I am tempted to call one group “conservatives” and the other group (the genuine Christians) “liberals.” But that is an unfair, simplistic characterization. In reality, there are gay Republicans and anti-war conservatives,  pro-business liberals and anti-immigrant Democrats. The real issue in politics should be this: Are we trying to improve the lives of others or are we supporting policies that make life more difficult for the vulnerable in our society. Instead, we tend to spend our time demonizing the side that we think disagrees with our positions. In a recent interview with Rachel Maddow, Jon Stewart of the Daily Show made a great point about this us vs. them mentality:

“We’ve all bought in to the [idea that the] conflict in this country is left and right, liberal/conservative, red/blue…It amplifies a division that I don’t think is the right fight…I think the fight in the country is corruption vs. not corruption; extremist vs. regular…My problem is it’s become tribal. [It is a result of the] twenty-four hour networks, whose job is to highlight the conflict between two sides—and I don’t think that’s the main conflict in our society. [I want to] deflate that idea that it is a real conflict in our society, red/blue, democrat/republican. But I feel like there’s a bigger difference between people who have kids and people who don’t have kids than red state/blue state.” (source)

Perhaps the holiday season is a good time to remind ourselves that these divisions are unhealthy, and extending our hand to others is the more productive approach. Whether we celebrate Christmas or not, there is a powerful message in the figure who is praised at Christmas time. And it seems that very few—Christians and or non-Christians—are practicing the kind of compassion advocated by Christ. But it is the practice of compassion that is most needed in our politics and personal lives. So, in the spirit of Christmas, I am going to review the message of Christ. I think there is a very important message in his teachings that we often forget about during the busy holiday season. » Read more: The Prince of Peace

Acts of Peace

August 26th, 2010

The American-led war in Afghanistan is not getting better. One report found that,  “The human cost of the armed conflict in Afghanistan is escalating in 2010. In the first six months of the year civilian casualties – including deaths and injuries of civilians – increased by 31 per cent over the same period in 2009” (source). Since the beginning of the war, over 70,000 civilians have been killed in Afghanistan, and hundred of thousands more have been injured (source). Here are a couple of examples.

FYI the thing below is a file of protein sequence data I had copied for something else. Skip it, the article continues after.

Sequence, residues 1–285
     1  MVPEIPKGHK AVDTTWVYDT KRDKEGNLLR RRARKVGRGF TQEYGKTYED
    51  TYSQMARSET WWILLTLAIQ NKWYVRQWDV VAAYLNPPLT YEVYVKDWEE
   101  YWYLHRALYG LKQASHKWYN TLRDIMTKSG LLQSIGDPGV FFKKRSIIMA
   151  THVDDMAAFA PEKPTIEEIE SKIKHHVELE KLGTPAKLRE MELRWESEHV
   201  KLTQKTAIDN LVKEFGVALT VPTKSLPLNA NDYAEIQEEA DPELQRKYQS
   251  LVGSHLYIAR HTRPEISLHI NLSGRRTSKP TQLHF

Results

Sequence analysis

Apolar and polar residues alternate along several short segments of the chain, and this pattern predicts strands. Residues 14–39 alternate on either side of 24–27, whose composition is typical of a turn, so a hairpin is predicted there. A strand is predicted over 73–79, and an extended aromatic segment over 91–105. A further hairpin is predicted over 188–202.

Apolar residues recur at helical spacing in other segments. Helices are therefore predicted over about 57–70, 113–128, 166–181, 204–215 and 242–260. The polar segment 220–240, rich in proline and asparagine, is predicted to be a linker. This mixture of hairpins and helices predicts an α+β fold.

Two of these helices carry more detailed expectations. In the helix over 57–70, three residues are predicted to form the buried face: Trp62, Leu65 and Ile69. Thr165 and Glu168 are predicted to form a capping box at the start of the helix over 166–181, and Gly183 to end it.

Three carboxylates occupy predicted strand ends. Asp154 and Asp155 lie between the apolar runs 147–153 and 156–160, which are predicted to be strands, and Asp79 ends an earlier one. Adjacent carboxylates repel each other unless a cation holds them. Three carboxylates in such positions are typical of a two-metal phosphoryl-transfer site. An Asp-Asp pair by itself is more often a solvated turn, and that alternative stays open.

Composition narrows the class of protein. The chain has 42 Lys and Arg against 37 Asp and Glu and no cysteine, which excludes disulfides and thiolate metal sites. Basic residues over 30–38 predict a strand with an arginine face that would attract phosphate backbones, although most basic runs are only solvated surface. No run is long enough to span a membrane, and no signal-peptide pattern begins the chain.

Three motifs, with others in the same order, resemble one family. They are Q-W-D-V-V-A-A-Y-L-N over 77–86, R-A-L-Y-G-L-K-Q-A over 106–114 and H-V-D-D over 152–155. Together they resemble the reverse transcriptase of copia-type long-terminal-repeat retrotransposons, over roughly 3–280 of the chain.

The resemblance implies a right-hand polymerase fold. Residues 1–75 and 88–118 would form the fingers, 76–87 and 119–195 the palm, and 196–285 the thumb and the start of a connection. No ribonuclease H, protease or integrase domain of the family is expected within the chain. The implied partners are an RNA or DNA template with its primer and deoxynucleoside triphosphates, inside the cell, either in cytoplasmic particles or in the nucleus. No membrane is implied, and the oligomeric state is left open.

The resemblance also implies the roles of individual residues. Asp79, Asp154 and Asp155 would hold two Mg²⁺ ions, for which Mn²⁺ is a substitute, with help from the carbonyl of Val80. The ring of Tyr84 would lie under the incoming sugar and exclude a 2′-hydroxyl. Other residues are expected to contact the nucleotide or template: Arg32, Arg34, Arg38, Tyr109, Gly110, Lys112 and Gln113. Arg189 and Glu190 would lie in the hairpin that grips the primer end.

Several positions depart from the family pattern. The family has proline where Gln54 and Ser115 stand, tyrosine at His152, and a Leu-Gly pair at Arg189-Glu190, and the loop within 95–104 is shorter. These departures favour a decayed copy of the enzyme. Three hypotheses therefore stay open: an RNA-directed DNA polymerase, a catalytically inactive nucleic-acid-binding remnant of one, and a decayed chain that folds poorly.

Zeriba Taj, Age 3

When the U.S. bombed the caves of Tora Bora in search of Osama bin Laden in December 2001, nearby villages were struck as well. Zeriba Taj, age 3, was hit in the head by fragments of a U.S. bomb. Zeriba’s father and three sisters were killed.

Amina Khan, Age 8

It was the morning of November 17, the second day of Ramadan, when bombs struck the small village of Khanabad. Amina was in the kitchen preparing tea and food for the children who were not fasting. Suddenly, the entire building came crashing down around her. She found herself squatting under a few intact beams. The entire room was dark and filled with rubble. Following a light shining through the wreckage, Amina managed to crawl out of what was left of the kitchen only to find her house, which had once stood a few yards away, in complete ruins.

Amina ran quickly to her uncle’s house for help. Her uncle and the neighbors who came with him could hardly grasp the horror of the scene. There were dismembered body parts strewn around the yard. Amina’s father, Jama Khan, was the only one found alive under the rubble, pinned down by two beams. The neighbors dug him out. Digging deeper, they found his wife, Bibi Gul, his seven other children, his mother, and his brother and wife and their five children: in all, sixteen family members gone in an instant. Now Amina and Mr. Khan have only each other. It is questionable who takes care of whom. Amina says her father is very ill, emotionally and physically, often unable to sleep at night. Amina also complains of headaches and stomachaches and thinks of her mother all the time. Their house was hit by U.S. warplanes in a battle to chase Taliban forces toward their last stronghold in Kunduz.

These stories are tragic. And it is also tragic to see the fatality number for coalition forces.

» Read more: Acts of Peace